The Lille city that could

THE FIFTH COLUMN

As I write this, Cape Town has run out of mayors for a full nine days. It’s odd, yes, and also unprecedented — by all indications the first modern city in history to do so.

Running out of mayors hasn’t been pandemonium, as everyone expected. To be honest with you, I didn’t even notice it at first. The changes I did notice recently turned out to be the first winter chill setting in and a sudden absence of talk about water.

Of course, life without mayors affects everyone differently. For those dealing with mayors every day, access is vitally important. In the corridors of power, the lack of a mayor disrupts the natural flow — a phenomenon the average person doesn’t really notice in the corridors of no power where we reside.

But we read the newspapers and we see the people who are supposed to give us mayors shout and scream and we wonder: How did it get to the point where we’ve run out of mayors?

Not too long ago, we had mayors aplenty quietly going about their business doing what mayors do, whatever that is.

Yes, it may be true, in hindsight, that we took our mayors for granted when we had them.

If, perhaps, we used our mayors better we would not have run out of them.

If we had made giant billboards pleading with everyone to “Save the mayor”, that “This is a mayor-scarce area”, that “Every little mayor counts” — maybe then we would still have a mayor.

But as I say that, I recoil.

Is it up to us to dote on the mayor? Why should we suffer when the mayor gets into a scrap? Can’t the mayor and the people around the mayor just grow up?

But we’re not suffering. No, we’re soldiering on. We’re the Lille city that could — and can.

For the past nine days we’ve woken up every morning mayorless and simply got on with it. In certain regards, it has even been better now without a mayor.

Gone are the days when we were definitely, and most absolutely, going to run out of water while the mayor was in office. Time is ours again. As the mayor saga drags on, it becomes less appealing — to me at least — to read the news.

As the shares of the mayor articles dwindle, I find myself going outside more to take in the sights and sounds of a city apparently operating without a leader at the helm.

And, oh, is it a magnificent sight: people in buses and cars heading to work along highways (slow-moving, yes, but moving nonetheless) to earn a living.

Mothers taking children to schools with roofs and books and all sorts of things.

Tourists visiting attractions in droves; up and down the cable car they go — gawking, oohing and aahing at one of the most magnificent cities in the world, thriving with no governance to speak of.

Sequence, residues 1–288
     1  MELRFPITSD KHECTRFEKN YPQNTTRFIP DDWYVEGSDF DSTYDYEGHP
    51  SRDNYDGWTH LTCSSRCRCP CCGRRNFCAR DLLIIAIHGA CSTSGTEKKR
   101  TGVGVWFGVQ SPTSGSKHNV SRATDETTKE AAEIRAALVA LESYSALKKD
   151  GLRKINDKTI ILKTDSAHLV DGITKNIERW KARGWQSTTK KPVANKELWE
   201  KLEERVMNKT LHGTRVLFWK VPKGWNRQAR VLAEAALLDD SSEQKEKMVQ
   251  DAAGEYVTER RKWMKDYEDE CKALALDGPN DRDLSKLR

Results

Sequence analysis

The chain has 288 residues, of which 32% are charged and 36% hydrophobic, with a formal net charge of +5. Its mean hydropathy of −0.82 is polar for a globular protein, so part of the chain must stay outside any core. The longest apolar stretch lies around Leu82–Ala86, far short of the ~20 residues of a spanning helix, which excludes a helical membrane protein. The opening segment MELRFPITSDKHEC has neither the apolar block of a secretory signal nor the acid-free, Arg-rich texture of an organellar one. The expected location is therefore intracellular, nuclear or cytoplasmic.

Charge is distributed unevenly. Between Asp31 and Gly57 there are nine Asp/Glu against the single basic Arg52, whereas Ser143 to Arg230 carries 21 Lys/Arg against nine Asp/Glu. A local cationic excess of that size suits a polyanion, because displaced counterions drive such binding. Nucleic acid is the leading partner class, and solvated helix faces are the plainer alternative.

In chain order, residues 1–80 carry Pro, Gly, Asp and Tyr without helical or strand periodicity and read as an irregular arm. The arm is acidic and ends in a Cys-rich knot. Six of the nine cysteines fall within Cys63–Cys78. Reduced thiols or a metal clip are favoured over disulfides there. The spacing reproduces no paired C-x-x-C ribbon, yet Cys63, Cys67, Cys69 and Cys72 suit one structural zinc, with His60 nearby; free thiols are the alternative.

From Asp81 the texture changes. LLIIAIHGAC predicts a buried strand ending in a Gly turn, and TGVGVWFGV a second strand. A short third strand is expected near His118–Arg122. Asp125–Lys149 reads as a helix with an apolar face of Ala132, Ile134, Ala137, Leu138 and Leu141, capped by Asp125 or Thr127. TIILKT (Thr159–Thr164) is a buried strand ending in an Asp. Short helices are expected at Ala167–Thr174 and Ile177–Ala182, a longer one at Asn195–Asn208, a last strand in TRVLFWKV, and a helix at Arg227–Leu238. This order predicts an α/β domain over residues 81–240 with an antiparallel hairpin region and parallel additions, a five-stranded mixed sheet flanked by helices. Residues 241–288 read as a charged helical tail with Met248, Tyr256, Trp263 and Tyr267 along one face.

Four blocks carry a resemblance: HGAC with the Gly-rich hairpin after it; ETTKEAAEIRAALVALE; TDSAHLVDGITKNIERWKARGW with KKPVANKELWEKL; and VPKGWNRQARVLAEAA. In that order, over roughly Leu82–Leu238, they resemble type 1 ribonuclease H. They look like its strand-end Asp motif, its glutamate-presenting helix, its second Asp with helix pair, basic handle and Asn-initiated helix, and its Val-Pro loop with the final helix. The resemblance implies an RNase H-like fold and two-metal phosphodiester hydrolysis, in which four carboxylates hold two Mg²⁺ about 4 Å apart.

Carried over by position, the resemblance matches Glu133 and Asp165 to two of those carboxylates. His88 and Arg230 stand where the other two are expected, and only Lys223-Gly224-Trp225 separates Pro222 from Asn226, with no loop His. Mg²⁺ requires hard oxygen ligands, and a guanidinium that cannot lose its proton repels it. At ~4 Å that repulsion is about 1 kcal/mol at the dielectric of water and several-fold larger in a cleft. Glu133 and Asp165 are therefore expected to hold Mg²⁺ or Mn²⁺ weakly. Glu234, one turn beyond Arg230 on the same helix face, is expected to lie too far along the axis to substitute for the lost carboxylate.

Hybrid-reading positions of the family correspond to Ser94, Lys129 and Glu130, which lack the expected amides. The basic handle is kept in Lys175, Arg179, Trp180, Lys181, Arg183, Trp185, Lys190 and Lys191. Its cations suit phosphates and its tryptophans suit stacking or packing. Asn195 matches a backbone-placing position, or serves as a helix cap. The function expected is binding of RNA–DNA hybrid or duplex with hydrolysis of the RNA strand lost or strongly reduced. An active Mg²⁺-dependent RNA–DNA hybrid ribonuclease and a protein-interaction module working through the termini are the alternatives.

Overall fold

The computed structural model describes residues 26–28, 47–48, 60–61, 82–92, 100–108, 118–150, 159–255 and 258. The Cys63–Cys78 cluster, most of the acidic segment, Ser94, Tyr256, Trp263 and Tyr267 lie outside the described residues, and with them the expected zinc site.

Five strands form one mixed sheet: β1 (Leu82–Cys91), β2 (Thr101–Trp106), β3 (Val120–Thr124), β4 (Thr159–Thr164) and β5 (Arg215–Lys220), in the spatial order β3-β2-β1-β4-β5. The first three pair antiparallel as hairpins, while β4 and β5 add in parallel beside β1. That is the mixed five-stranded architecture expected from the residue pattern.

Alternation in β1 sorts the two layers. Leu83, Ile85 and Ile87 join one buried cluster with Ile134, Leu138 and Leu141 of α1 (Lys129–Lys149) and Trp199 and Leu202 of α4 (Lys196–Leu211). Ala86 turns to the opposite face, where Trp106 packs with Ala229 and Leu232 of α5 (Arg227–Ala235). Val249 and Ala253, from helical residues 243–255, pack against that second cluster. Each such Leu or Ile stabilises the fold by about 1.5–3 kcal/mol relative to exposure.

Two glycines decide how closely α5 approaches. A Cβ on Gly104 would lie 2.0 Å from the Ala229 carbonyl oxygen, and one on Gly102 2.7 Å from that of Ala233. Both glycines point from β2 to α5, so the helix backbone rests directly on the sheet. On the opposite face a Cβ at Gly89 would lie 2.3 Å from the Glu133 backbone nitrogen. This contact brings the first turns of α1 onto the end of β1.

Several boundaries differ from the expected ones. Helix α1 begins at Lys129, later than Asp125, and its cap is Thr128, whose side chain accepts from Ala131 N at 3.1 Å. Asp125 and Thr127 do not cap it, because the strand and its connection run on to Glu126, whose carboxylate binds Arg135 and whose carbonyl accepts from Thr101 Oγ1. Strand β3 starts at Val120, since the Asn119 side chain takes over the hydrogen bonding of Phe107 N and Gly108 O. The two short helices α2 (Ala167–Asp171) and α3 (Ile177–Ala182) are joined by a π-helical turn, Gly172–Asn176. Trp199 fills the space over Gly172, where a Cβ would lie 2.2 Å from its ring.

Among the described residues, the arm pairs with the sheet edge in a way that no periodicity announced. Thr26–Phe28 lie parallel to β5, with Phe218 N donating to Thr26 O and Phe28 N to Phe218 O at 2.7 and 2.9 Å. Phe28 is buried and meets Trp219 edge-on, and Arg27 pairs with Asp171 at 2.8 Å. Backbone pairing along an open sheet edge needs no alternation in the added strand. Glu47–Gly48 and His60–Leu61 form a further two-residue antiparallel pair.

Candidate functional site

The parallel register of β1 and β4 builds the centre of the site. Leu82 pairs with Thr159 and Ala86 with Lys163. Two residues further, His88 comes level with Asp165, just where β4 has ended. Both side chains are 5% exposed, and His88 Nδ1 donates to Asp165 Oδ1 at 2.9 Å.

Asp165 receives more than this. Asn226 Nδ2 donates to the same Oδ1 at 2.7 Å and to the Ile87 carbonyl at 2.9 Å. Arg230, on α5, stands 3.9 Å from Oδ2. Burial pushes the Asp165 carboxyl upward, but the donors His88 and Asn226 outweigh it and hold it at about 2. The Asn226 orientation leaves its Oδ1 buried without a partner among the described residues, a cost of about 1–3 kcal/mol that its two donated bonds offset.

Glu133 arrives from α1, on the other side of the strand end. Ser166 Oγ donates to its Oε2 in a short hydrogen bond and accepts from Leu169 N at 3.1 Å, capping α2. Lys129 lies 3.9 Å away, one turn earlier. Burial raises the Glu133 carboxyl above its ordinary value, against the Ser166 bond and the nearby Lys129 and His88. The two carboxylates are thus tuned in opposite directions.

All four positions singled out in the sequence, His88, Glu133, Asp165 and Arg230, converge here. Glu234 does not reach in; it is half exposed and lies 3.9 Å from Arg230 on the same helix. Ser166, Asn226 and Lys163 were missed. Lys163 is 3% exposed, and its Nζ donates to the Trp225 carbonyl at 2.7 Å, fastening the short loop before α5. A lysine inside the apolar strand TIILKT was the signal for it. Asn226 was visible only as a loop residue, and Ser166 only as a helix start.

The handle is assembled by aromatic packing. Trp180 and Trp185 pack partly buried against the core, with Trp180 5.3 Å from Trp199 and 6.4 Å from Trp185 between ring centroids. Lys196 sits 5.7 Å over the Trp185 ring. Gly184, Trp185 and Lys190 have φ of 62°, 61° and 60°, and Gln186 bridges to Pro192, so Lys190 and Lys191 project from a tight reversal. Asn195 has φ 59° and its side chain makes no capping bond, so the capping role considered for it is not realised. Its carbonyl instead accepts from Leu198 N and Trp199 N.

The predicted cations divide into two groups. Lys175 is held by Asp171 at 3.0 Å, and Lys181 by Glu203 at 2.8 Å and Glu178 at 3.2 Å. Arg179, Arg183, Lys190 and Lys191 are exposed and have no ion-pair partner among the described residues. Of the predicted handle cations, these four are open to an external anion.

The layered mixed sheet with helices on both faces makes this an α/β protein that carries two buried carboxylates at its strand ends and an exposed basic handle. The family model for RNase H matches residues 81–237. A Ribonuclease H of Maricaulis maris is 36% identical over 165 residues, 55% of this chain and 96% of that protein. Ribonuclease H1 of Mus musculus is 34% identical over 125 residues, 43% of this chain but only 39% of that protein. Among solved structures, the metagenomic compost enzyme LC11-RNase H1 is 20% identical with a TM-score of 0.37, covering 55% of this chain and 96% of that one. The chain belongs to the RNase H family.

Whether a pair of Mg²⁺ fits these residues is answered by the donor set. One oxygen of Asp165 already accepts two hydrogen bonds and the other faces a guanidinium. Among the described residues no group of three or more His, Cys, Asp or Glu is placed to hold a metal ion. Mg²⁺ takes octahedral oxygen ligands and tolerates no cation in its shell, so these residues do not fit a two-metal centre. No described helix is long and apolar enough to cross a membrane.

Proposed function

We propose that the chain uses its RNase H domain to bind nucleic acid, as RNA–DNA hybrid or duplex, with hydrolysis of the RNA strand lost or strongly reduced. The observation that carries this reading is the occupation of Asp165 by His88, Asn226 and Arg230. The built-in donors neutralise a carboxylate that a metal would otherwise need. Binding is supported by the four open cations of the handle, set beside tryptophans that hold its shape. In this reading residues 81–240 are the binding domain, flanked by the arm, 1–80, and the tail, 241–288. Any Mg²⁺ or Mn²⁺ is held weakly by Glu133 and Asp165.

PW Botha wagged his finger and banned us in 1988 but we stood firm. We built a reputation for fearless journalism, then, and now. Through these last 35 years, the Mail & Guardian has always been on the right side of history.

These days, we are on the trail of the merry band of corporates and politicians robbing South Africa of its own potential.

To help us ensure another 35 future years of fiercely independent journalism, please subscribe.

Advertisting

‘My biggest fear was getting the virus and dying in...

South African Wuhan evacuee speaks about his nine-week ordeal

Border walls don’t stop viruses, but a blanket amnesty might

Why South Africa should consider amnesty for undocumented migrants in the time of the coronavirus outbreak.

Mail & Guardian needs your help

Our job is to help give you the information we all need to participate in building this country, while holding those in power to account. But now the power to help us keep doing that is in your hands

Press Releases

The online value of executive education in a Covid-19 world

Executive education courses further develop the skills of leaders in the workplace

Sisa Ntshona urges everyone to stay home, and consider travelling later

Sisa Ntshona has urged everyone to limit their movements in line with government’s request

SAB Zenzele’s special AGM postponed until further notice

An arrangement has been announced for shareholders and retailers to receive a 77.5% cash payout

20th Edition of the National Teaching Awards

Teachers are seldom recognised but they are indispensable to the country's education system

Awards affirm the vital work that teachers do

Government is committed to empowering South Africa’s teachers with skills, knowledge and techniques for a changing world

SAB Zenzele special AGM rescheduled to March 25 2020

New voting arrangements are being made to safeguard the health of shareholders

Dimension Data launches Saturday School in PE

The Gauteng Saturday School has produced a number of success stories